With two big transactions completed in a matter of months, Pioneer Natural Resources Co. has become the largest producer in the Permian Basin and should produce up to 700,000 boe/d-plus in 2022, CEO Scott Sheffield said Wednesday.

The Dallas-based independent this week completed a $6.4 billion purchase of privately held West Texas competitor DoublePoint Energy LLC. The estimated 1,200 drilling locations “are equally competitive with Pioneer’s legacy inventory” in the Permian Midland, Sheffield said during the first quarter conference call.

“Given the hand-in-glove fit of Double Points acreage with ours, we expect to achieve synergies of approximately $175 million annually, leading to double-digit free cash flow per share and variable dividend per share accretion.”

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The acquisition added around 100,000 acres to the asset base, “right in the heart of the core” of the Midland, where Pioneer has long held court.

“This will take our Midland Basin on up to over 900,000 net acres,” the CEO said. To provide context on “how dominant” Pioneer has become in the Midland sub-basin alone, he said it would control 25% of the rig count and 25% of the fracture fleet rig count.

In Control

The DoublePoint takeover ties in with last fall’s blockbuster $7.6 billion takeover of fellow Permian pure-play Parsley Energy Inc., which increased Midland and Delaware sub-basin holdings.

Combined, Pioneer estimated it controls around one million acres across West Texas and southeastern New Mexico, with more than 900,000 acres in the Midland and around 100,000 in the Delaware sub-basin.

Second quarter production is expected to average 606,000-632,000 boe/d, with oil averaging 352,000-367,000 b/d. Production this year is forecast at 605,000-631,000 boe/d, with oil at 351,000-366,000 b/d, COO Richard Dealy told investors.

On average, 22-24 horizontal rigs are set to run, with up to nine fracture fleets in operation. About 470-510 wells should be turned to sales, including 90 acquired from DoublePoint.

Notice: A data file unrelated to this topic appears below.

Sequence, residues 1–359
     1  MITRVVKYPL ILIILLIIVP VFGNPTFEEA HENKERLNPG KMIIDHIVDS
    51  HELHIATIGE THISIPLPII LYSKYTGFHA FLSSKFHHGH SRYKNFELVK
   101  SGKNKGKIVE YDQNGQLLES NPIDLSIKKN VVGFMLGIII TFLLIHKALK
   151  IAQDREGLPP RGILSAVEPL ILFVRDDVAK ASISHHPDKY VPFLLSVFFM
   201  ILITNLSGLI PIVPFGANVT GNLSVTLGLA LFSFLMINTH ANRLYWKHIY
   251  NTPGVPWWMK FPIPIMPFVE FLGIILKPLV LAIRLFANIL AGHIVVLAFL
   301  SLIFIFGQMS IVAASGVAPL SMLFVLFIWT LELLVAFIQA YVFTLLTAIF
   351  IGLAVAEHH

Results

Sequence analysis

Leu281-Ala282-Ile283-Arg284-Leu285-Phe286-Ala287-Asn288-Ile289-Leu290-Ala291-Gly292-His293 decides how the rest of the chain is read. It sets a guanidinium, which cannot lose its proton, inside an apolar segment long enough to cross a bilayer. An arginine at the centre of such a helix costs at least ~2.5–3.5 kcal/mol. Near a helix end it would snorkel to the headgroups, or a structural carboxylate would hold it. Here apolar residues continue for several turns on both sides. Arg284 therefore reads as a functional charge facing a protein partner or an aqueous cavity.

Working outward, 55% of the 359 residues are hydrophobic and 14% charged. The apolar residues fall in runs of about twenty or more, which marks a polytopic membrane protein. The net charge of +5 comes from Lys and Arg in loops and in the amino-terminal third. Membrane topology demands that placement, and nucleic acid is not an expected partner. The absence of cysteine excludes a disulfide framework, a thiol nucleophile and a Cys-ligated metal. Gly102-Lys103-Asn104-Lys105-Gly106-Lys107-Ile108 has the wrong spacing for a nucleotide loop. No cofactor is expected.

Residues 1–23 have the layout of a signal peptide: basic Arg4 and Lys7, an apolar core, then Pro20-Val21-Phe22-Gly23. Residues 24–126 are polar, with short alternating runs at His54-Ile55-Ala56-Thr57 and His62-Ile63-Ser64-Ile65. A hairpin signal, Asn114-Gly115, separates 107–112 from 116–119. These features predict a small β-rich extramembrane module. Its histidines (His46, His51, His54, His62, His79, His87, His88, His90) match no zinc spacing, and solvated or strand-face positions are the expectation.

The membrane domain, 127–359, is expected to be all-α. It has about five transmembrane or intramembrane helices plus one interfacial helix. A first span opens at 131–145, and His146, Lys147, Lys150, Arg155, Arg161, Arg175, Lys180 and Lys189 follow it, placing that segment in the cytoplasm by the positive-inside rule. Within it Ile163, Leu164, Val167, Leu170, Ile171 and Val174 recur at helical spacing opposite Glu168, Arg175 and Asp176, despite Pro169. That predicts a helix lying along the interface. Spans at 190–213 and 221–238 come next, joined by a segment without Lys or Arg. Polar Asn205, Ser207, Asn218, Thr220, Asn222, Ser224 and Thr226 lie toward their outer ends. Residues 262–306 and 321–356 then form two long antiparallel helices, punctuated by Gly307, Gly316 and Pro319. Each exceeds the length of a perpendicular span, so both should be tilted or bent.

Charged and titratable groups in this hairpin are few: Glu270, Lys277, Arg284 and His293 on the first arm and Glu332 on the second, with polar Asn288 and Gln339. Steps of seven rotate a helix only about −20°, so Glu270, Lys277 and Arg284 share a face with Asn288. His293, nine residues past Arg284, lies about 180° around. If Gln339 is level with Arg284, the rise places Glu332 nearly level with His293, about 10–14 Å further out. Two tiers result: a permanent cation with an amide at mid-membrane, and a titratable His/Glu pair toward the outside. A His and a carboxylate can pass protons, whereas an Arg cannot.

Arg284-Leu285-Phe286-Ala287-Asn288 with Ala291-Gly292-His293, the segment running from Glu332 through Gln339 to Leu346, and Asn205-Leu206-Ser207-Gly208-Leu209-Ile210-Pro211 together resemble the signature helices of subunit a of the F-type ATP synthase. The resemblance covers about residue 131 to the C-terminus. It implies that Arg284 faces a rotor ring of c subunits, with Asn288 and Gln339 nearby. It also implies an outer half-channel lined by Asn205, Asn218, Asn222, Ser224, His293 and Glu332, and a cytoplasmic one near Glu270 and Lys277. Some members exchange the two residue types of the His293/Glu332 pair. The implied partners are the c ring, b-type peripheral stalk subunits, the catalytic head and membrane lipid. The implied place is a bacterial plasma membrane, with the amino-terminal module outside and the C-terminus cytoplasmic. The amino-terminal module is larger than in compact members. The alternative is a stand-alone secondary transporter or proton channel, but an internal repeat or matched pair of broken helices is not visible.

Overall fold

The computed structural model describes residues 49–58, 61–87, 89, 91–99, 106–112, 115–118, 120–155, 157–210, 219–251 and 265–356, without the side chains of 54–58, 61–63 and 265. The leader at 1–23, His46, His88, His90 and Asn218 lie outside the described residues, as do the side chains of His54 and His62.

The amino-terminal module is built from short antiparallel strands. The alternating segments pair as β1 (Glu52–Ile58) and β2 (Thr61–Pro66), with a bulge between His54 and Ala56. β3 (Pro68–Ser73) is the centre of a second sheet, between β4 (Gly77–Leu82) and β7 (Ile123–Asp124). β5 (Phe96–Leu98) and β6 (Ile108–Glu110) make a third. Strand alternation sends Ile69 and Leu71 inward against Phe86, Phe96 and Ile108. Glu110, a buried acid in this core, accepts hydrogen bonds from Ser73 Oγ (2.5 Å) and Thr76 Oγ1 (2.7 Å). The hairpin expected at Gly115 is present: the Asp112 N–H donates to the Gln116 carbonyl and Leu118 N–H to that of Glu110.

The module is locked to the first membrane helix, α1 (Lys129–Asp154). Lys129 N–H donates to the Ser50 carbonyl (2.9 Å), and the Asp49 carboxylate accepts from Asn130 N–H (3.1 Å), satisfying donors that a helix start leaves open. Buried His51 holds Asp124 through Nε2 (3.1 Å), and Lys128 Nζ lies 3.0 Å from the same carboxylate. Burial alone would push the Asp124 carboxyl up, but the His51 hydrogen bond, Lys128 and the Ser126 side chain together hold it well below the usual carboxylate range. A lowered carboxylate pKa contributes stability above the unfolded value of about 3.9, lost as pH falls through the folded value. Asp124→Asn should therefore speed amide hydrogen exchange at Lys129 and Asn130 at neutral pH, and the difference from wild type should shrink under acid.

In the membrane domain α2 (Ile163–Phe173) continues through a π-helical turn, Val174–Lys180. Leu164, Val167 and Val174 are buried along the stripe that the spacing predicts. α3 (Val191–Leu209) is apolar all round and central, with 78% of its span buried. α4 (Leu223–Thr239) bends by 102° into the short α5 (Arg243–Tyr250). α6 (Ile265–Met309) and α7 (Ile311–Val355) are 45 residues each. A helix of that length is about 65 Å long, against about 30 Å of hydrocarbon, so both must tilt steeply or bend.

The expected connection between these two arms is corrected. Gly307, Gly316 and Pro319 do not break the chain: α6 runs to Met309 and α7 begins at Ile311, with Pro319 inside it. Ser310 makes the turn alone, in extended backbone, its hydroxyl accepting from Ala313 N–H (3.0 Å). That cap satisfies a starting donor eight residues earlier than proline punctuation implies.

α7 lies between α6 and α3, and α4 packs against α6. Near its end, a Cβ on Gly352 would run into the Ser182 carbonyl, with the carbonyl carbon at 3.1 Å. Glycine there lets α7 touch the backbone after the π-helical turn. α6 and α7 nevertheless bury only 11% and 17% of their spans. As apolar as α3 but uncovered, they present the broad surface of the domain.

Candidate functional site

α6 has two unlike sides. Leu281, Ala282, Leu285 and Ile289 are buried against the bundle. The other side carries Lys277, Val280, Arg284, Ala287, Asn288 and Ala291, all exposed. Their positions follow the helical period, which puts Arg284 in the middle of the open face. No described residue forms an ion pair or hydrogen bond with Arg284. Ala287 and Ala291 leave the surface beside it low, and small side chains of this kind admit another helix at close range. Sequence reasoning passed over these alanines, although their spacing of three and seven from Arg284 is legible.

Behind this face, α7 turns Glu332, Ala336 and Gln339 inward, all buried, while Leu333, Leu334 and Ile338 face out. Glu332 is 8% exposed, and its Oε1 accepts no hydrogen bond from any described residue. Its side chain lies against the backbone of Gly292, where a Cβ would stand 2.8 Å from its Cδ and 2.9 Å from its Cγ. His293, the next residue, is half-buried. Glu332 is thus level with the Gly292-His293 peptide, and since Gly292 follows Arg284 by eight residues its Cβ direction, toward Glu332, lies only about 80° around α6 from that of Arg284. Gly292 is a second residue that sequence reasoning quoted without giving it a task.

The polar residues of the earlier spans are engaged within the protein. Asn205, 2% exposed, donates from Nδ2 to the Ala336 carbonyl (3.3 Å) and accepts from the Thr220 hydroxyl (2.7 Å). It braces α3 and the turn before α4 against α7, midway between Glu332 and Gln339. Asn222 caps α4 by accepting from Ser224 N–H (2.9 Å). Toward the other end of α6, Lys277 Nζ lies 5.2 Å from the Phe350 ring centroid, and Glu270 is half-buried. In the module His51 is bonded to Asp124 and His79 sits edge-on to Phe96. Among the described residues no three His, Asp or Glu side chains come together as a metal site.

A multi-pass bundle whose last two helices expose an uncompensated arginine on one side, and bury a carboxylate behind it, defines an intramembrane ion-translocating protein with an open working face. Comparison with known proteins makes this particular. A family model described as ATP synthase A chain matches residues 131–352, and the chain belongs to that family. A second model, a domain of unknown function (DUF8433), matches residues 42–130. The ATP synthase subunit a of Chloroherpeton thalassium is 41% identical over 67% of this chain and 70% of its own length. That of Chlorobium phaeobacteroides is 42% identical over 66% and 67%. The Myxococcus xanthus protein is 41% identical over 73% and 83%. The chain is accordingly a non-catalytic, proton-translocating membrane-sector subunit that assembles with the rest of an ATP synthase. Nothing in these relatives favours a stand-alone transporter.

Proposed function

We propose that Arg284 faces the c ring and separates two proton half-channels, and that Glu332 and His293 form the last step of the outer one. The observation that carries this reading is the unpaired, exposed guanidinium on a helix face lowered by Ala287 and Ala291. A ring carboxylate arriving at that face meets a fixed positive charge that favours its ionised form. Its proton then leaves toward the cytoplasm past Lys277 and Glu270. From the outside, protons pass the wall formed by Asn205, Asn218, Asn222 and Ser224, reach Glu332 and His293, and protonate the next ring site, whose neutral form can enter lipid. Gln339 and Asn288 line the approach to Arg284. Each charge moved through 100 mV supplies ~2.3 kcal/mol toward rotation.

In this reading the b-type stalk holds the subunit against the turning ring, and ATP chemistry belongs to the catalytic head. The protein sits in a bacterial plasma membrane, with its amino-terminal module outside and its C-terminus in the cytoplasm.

“One of the…significant benefits of combining Parsley and DoublePoint is adding to our contiguous acreage position and what this allows us to do,” Dealy said. “We’ve successfully drilled longer laterals out to 15,000 feet, up from 9,000 to 10,000 feet…” 

The longer laterals are “much more capital efficient and really adding essentially the same production by drilling fewer wells.”

Setting Goals

Pioneer noted that it has incorporated greenhouse gas (GHG) and methane emission intensity reduction goals into its environmental, social and governance (ESG) strategy. By 2030, Pioneer is forecasting it can cut GHG emissions intensity by 25% and methane emissions intensity by 40%. 

In addition, the independent has formally adopted an ESG goal to maintain natural gas flaring intensity to less than 1% of gas produced. It also plans to end routine flaring by 2030, as defined by the World Bank, with an “aspiration to reach this goal by 2025.”

Executive incentive compensation has been revamped too. Beginning this year, return on capital employed has been included as an incentive compensation metric, along with cash return on capital invested, which was added in 2020. The metrics have a combined weighting of 20%, while production and reserves goals previously included as incentive compensation metrics were removed.

Executive equity compensation has been amended as well, with the S&P 500 index added into the total stockholder return peer group for performance awards. For the second consecutive year, the long-term equity compensation for the CEO, now Sheffield, “will be 100% in performance awards,” all based on performance relative to the peer group. 

Pioneer fetched a realized oil price in 1Q2021 of $56.71/bbl. Realized natural gas liquids prices averaged $25.90/bbl, with natural gas at $3.04/Mcf. Production costs, including taxes, averaged $8.54/boe. There were 106 horizontal wells tied to production in the quarter. Drilling averaged 1,250 feet/day, up 9% over 2020 averages. Completions averaged 2,000 completed feet/day, up 8%.

The capital budget this year is set at $3.1-3.4 billion, funded entirely by forecast cash flow of $5.9 billion, Dealy said.

Net losses totaled $70 million (minus 33 cents/share) in 1Q2021, reversing year-ago profits of $291 million ($1.75). Revenue improved to $2.44 billion from $2.26 billion. Cash flow from operating activities was $377 million, down from $825 million in 1Q2020.